Introducing Children's Literature: From Romanticism to Postmodernism

Introducing Children's Literature: From Romanticism to Postmodernism

Introducing Children's Literature: From Romanticism to Postmodernism

Introducing Children's Literature: From Romanticism to Postmodernism

Synopsis

Introducing Children's Literature is an ideal guide to reading children's literature through the perspective of literary history. Focusing on the major literary movements from Romanticism to Postmodernism, Thacker and Webb examine the concerns of each period and the ways in which these concerns influence and are influenced by the children's literature of the time. Each section begins with a general chapter, which explains the relationship between the major issues of each literary period and the formal and thematic qualities of children's texts. Close readings of selected texts follow to demonstrate the key defining characteristics of the form of writing and the literary movements. Original in its approach, this book sets children's literature within the context of literary movements and adult literature. It is essential reading for students studying writing for children. Books discussed include: *Louisa May Alcott's Little Women * Charles Kingsley's The Water-Babies *Lewis Carroll's Alice in Wonderland *Frank Baum's The Wizard of Oz *Frances Hodgson Burnett's The Secret Garden *P.L.Travers' Mary Poppins *E.B.White's Charlotte's Web *Philip Pullman's Clockwork .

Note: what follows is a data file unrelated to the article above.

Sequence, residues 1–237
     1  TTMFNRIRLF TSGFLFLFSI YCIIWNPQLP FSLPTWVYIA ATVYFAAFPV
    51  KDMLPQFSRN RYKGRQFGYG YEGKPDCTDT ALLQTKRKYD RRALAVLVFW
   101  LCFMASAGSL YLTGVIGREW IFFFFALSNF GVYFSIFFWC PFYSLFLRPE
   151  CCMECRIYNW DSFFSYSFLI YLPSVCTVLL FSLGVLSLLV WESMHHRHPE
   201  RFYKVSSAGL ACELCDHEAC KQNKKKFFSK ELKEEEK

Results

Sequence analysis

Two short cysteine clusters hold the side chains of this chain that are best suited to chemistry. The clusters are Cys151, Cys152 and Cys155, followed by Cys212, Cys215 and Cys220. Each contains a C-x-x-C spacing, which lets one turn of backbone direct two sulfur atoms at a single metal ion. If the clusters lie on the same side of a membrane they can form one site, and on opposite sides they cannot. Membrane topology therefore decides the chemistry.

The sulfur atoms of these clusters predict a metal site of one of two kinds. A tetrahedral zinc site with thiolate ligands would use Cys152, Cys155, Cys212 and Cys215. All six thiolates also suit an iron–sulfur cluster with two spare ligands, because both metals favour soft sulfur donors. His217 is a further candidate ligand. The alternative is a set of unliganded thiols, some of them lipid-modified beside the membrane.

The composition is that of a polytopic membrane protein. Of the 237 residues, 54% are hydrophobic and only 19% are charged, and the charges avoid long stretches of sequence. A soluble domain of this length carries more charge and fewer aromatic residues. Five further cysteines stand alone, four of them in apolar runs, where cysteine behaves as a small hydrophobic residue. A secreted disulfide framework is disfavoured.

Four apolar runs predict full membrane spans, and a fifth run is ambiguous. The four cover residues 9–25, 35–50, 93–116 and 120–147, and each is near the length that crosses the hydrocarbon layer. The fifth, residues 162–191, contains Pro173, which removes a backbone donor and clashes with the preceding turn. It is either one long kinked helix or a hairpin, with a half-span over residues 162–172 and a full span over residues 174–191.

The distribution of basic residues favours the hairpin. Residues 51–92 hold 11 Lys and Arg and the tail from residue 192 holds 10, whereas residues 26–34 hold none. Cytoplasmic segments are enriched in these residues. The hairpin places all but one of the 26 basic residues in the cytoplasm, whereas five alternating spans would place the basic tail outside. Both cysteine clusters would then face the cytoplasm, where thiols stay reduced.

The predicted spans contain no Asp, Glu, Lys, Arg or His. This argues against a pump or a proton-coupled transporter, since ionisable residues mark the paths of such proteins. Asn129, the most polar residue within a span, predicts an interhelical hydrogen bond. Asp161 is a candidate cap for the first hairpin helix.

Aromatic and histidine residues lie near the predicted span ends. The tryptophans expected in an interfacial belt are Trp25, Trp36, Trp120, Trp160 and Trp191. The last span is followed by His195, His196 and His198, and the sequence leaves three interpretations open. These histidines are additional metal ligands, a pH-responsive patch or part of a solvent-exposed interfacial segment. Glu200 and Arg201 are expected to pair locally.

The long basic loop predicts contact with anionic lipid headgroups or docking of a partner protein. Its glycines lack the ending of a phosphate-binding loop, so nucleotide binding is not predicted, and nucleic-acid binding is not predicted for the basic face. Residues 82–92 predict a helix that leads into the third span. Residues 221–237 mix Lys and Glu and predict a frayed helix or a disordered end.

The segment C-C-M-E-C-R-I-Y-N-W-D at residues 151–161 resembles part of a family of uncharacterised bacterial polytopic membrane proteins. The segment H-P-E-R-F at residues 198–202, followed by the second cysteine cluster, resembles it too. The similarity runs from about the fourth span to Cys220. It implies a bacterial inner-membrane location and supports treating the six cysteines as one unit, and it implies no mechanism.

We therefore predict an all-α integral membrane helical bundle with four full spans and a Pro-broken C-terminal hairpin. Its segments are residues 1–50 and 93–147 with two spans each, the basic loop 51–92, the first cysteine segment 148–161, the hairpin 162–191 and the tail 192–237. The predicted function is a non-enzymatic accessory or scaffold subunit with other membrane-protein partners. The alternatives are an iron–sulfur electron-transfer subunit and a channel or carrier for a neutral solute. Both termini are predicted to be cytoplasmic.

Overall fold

Excerpt

This book suggests ways of reading children's literature within the context of literary history. The authors provide a broad overview of the influence of literary 'movements', such as Romanticism, Modernism and Postmodernism, on the production of children's literature, and argue for the relevance of such texts to the study of mainstream literary history. The general discussions are accompanied by a series of short essays about individual children's books. The readings offered in these short chapters suggest ways of applying the broader framework of literary history to particular texts, and are not intended to provide definitive (if there can ever be such a thing) analyses of the chosen texts.

While the authors intend to offer a new way of thinking about children's literature in relation to a more inclusive sense of literary history, this book is neither a 'rewriting' of either the history of children's literature, nor a revisionist challenge to the literary histories which already exist. It is selective rather than comprehensive, and exclusively Anglo-American in focus. There are a number of literary histories available (see the Bibliography, p. 165), which provide more detailed accounts of children's books in an historical context. Rather than duplicate this material, this book offers a new way of shaping it, with the intention of reading children's literature through familiar ways of looking at mainstream literature. By providing this perspective on children's literature, we have chosen to emphasise narrative texts and to concentrate on those works of fiction which are continually published and republished, rather than 'popular' fiction, series books or the wide variety of books produced as part of the children's publishing market. There are, admittedly, many other books to consider, and it is hoped that the ways of approaching texts suggested here will lead readers to find equally relevant examples.

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